Double-Dummy Bridge Program with and without Goto

Someone accepted the challenge to rewrite the Double Dummy Solver readably without 'goto' and posted pseudo-code for that Solver in a Usenet discussion group. I've modified his code somewhat (but will call it "George's code" for convenience) and have converted my own code to pseudo-code in a similar format, so we can compare ``apples with apples.'' The low-level processing in his code is identical to that of mine; it's just the looping controls that are rewritten and stripping the routines down to ``pseudo-code'' makes it easy to focus on the differences. The ``pseudo-code'' looks very much like C language, though of course it won't compile.

I've never denied that goto's are bad. The point is that other things (longjmp(), redundant tests, break, inside-loop state changes, etc.) are also bad to varying degrees and one seeks compromise.

In the goto for backtracking used in the Double Dummy Solver, the goto seems horrendous at first, but objective study reveals that it has its own strict and elegant structure, albeit a highly non-standard one.

If we strip out the code sections which are identical, in the two versions, we see exactly the difference between James' code and George's code. Here's what we see.

James' code:

The four Iterate's each have a very natural meaning: loop through players or loop through tricks. (There are four Iterates instead of two, because sometimes we need to iterate backwards.)

George's code:

Exiting in the middle of the function is not a big fault, but my exit at the end does help demonstrate the smoother elegance of my control structure. Similarly, that I initialize `Trick' once, but George has to replicate this code isn't a big deal but, again, illustrates that my code represents the more natural structure for the problem. George's if (condition)'s, advances's, and regresses's just do what I do with
    for (; condition; advance)

Here's one of my for statements (the real code, not pseudo-):


       for (numcard = 0, player = P->Leader = trickwinner;
                     numcard < NUMP;
                     numcard++, player = LHO(player)) {
            ... /* Handle_card */
       }

It suffers the moot fault of cramming logic into a for header, but still seems self-explanatory: We're looping through the NUMP players, starting with the Leader who is the previous trickwinner.

My four for loops employ no break's or continue's whatsoever. The explicit looping controls in the for header make the logic quite transparent.

George couldn't use such for statements -- he'd end up with my goto, or C's non-existent break 2. So he ends up with two for (EVER) loops inside yet a third for (EVER) ! The looping controls I give explicitly in the for header become, in George's code, inside-loop conditional state changes.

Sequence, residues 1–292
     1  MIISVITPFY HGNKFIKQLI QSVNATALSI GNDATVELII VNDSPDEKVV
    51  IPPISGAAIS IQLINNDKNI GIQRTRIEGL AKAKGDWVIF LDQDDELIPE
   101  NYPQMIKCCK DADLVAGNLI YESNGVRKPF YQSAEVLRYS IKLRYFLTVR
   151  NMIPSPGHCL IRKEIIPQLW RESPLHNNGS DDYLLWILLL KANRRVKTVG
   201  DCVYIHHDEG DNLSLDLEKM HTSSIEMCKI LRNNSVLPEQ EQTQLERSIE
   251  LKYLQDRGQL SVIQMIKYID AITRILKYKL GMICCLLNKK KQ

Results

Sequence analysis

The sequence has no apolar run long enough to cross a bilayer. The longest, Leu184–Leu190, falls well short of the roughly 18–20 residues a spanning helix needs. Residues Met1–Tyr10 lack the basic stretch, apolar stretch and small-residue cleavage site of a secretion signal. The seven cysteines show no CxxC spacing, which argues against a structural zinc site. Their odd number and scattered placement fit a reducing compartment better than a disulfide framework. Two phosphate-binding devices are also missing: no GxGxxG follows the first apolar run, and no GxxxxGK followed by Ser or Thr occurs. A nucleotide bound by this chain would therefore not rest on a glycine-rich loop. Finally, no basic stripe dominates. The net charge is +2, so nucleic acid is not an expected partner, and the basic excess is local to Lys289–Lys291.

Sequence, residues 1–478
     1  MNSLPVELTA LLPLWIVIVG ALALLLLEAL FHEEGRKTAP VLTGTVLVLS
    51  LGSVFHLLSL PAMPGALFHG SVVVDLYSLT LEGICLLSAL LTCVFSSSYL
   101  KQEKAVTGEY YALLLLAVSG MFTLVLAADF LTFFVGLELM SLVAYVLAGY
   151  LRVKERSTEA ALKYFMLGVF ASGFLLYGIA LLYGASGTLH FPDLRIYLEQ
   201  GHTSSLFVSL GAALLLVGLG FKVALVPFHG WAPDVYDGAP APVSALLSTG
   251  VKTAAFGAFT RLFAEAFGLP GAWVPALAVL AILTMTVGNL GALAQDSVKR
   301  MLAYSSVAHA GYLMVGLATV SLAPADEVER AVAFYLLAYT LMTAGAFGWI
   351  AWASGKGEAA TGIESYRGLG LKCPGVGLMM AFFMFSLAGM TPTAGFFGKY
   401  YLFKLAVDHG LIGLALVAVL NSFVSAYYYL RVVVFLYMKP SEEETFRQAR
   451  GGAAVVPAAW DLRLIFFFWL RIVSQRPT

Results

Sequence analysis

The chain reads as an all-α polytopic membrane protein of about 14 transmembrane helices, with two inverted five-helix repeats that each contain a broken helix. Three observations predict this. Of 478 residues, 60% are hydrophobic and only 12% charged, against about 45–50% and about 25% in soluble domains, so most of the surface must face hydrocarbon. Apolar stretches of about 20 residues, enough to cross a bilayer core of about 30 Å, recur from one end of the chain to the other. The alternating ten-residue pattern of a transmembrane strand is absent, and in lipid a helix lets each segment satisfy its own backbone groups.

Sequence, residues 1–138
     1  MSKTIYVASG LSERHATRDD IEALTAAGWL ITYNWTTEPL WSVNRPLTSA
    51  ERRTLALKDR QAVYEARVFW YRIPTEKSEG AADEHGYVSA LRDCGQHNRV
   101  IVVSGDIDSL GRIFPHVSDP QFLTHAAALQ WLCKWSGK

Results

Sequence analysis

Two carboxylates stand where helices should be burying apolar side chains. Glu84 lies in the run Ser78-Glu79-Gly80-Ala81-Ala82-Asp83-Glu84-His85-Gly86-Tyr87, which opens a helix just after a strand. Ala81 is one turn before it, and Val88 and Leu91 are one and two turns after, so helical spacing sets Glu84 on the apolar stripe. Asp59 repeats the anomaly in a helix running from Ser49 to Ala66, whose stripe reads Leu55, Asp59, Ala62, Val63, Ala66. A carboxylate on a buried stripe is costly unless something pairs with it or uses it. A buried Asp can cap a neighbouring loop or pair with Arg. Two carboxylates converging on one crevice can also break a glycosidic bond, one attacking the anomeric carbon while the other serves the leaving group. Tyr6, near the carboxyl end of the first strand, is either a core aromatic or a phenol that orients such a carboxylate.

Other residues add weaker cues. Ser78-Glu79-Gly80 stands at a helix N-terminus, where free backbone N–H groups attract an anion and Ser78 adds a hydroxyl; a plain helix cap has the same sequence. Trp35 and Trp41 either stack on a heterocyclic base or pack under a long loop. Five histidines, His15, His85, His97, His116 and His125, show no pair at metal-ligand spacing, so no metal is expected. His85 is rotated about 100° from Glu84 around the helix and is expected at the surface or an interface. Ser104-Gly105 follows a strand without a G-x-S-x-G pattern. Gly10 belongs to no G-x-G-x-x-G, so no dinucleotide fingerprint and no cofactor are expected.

Some for (EVER) loops make sense and are proper code. But ``nothing is forever'' and for's are usually more readable when the termination condition is coded normally. To me it seems questionable to claim that using no less than three such for (EVER) loops along with the necessary break's, if's and state changes just to avoid a a single goto improves the program structure. I'm interested in what others think.

Please compare the two fragments and tell me which is ``better'' or ``more readable.'' I prefer mine, but am sincerely curious what others think.


    /* James' code */
    Initialize;
    ITERATE through tricks until outcome is decided {
        Set trick to empty;
        ITERATE clockwise through players {
            Determine available legal plays;
          try_again:
            Choose a legal card, and play it to trick;
        }
        Determine trick's winner, adjusting score;
    }
    ITERATE through tricks backwards until done {
        ITERATE counterclockwise through players {
            Retract played card;
            If (retracted play was a failure)
                    && (alternatives remain) {
                GOTO try_again;
            }
        }
    }
    Print solution and exit;



    /* George' code */
    Initialize;
    Set trick to empty;
    ITERATE FOREVER {
        ITERATE FOREVER {
            Determine available legal plays;
            Choose a legal card, and play it to trick;
            If (trick complete) {
                Determine trick's winner, adjusting score;
                If (outcome decided) {
                    BREAK;
                }
                ADVANCE STATE to next trick;
                Set trick to empty;
            } Else ADVANCE to next player;
        }
        ITERATE FOREVER {
            If (trick empty) {
                If (done) {
                    Print solution and exit;
                }
                REGRESS STATE to previous trick;
            } Else REGRESS to previous player;
            Retract played card;
            If (retracted play was a failure)
                    && (alternatives remain) {
                BREAK;
            }
        }
    }

Which code is more readable?

People rightly complain that the problem with goto is the need to grok all references to the associated label but, in any non-trivial case, isn't an editor search for all occurrences of that label the first thing you do? (No one's trying to defend spaghetti code containing a maze of goto's.)

My point isn't to offer a quantitative metric comparing my `goto' with the hard-to-grok parts of George's code, but just to claim that open-mindedness is superior to dogmatism.


Go back to Lesson 9.
Please send me some e-mail.
Go back to my home page.